The economy is improving. As an example, the latest employment report showed that the unemployment rate hit a five-year low. We must realize that, as the economic news gets better, the government will consider whether or not to continue the programs they put in place to stimulate the economy. One such program is the Fed’s purchasing of assets which has led to historically low long-term mortgage rates.
Analysts at Capital Economics noted in a recent HousingWire article:
"The 203,000 increase in November's non-farm payrolls, along with the drop in the unemployment rate to a five-year low of 7.0%, gives the Fed all the evidence it needs to begin tapering its asset purchases at the next FOMC meeting later this month."
Whether such ‘tapering’ occurs this month or early next year is questionable. The fact that mortgage rates will spike when it does occur is more a guarantee.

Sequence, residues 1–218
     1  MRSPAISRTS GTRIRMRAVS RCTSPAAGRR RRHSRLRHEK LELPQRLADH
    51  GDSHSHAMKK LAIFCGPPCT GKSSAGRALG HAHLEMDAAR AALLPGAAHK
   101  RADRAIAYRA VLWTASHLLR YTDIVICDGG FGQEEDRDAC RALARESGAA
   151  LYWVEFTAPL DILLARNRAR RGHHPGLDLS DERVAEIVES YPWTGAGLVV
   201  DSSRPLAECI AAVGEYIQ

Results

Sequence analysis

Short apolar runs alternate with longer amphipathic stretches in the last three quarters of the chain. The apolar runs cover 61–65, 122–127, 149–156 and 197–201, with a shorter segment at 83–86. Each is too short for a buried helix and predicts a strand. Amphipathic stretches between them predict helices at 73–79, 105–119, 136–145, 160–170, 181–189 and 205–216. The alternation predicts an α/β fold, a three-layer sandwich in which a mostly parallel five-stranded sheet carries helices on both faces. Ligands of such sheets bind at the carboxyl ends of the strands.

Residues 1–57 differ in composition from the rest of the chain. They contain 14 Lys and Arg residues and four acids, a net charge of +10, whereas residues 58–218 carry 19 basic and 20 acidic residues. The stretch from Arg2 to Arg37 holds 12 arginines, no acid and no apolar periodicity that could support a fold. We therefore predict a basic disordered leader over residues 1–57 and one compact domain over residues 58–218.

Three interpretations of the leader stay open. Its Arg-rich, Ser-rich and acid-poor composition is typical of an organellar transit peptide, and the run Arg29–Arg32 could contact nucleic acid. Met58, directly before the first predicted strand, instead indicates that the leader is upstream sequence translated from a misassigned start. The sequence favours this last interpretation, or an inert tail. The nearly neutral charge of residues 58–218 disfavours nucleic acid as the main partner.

Here are the thoughts of a few Fed presidents regarding whether it is in fact time to cut back on this stimulus program:
“To the extent that key labor market indicators continue to show cumulative improvement, the likelihood of tapering asset purchases will continue to rise. The Committee’s 2012 criterion of substantial improvement in labor markets gets easier and easier to satisfy on a cumulative basis as labor markets continue to heal…Based on labor market data alone, the probability of a reduction in the pace of asset purchases has increased.”
“In my view, we at the Fed should begin tapering back our bond purchases at the earliest opportunity…I consider this strategy desirable on its own merit: I would feel more comfortable were we to remove ourselves as soon as possible from interfering with the normal price-setting functioning of financial markets.”
“I expect discussion about the possibility of reducing the pace of asset purchases. The key issue, in my view, is the extent to which the benefits of further monetary stimulus are likely to outweigh the costs.”
If you are thinking about purchasing a home, buying before the tapering will probably mean a lower mortgage interest rate than if you waited.